11 images from Nasa that show climate change is real

Joe Vesey-Byrne
Sunday 03 January 2021 16:18
Arctic sea ice in 1984 (L) and 2012 (R). Picture:(Nasa)

Nasa has released a gripping photo series documenting the state of flux planet Earth currently finds itself in.

The 'Images of Change' series shows the effects of climate change, urbanisation, and damage down by fires, floods, and other natural hazards.

Shrinking glaciers in New Zealand

12 January 1990, Southern Alps, New Zealand.(Picture: Nasa)

29 January 2017. The Mueller, Hooker, and Tasman Glaciers have all retreated since 1990.(Picture: Nasa)

Retreating Arctic ice

Summer sea ice in the Arctic, captured 1984.(Picture: Nasa)

2012.(Picture: Nasa)

Snow in the Sahara Desert

19 December 2016. In a rare ocurence for the Algerian community of Ain Sefra, snow fell for the first time since February 1979. Within a week it had melted on all but the mountain peaks.(Picture: Nasa)

Melting ice in Canada is changing the flow of rivers

3 August 2015. The melting of the Kaskawulsh Glacia in Yukon Territory, Ontario, has altered the ecosystem further downstream after just one year.(Picture: Nasa)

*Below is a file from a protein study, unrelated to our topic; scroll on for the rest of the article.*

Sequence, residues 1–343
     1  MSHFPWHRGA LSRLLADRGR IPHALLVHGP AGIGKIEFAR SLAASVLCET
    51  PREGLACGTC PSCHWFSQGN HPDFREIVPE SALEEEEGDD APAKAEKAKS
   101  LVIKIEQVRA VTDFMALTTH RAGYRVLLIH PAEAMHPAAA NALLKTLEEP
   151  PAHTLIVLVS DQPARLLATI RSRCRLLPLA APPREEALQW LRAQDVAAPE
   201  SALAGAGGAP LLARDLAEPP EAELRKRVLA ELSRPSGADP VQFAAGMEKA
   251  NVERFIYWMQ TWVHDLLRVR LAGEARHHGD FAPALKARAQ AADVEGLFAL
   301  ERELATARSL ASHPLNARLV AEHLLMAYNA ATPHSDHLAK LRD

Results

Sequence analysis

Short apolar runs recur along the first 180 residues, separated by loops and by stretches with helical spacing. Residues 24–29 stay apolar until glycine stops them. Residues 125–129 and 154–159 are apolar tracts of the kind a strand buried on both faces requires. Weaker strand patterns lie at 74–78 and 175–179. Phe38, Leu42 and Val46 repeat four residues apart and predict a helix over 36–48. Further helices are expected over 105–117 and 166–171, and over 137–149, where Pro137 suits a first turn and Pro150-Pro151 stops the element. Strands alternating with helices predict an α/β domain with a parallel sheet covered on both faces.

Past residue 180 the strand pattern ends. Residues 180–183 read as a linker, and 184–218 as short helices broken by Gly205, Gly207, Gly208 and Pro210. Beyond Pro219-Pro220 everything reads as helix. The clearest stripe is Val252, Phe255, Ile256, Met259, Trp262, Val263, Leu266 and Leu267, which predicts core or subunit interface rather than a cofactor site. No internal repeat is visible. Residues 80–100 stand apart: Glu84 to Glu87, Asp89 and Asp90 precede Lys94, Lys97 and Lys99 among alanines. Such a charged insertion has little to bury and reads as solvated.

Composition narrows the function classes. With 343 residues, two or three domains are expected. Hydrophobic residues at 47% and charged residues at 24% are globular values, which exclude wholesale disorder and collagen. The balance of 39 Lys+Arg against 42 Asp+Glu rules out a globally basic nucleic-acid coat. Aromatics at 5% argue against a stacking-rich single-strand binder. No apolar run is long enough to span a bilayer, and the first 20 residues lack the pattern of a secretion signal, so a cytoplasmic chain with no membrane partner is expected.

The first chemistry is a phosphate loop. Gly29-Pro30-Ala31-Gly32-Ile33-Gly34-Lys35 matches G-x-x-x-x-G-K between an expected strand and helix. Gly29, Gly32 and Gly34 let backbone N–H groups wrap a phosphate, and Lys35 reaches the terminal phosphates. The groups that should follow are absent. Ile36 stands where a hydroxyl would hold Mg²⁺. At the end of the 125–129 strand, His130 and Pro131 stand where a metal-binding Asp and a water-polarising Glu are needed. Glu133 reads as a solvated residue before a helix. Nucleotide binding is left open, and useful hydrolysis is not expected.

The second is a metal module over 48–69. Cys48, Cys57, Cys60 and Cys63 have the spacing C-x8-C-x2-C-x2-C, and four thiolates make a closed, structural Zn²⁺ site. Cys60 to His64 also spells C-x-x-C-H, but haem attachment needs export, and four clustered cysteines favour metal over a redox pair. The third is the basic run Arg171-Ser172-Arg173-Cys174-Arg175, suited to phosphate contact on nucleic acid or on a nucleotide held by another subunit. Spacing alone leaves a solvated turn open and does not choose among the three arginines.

4 July 2016. The melting causes 'river piracy', when one stream's headwater is diverted into that of another. In Kaskawulsh it means the meltwater now flows east into the Alsek River and to the Pacific Ocean, rather than north into Kluane Lake and eventually the Bering Sea.(Picture: Nasa)

Ice avalanche in Tibet

June 24 2016. A glacier tongue collapses in Tibet's Aru mountain range, killing nine people in the village of Dungru.(Picture: Nasa)

17 July 2016. The ice avalanche, which took place in July, left debris as much as 30 metres thick across 10 square kilometres.(Picture: Nasa)

A glacier in South America is gaining ground

4 October 1986, Southern Patagonia Icefield, Chile.(Picture: Nasa)

22 October 2016. The Brüggen Glacier (also known as the Pio XI Glacier) had advanced 594 metres to the south and 351 to the north.(Picture: Nasa)

For the full series, visit Nasa's climate tracking series 'Images of Change'.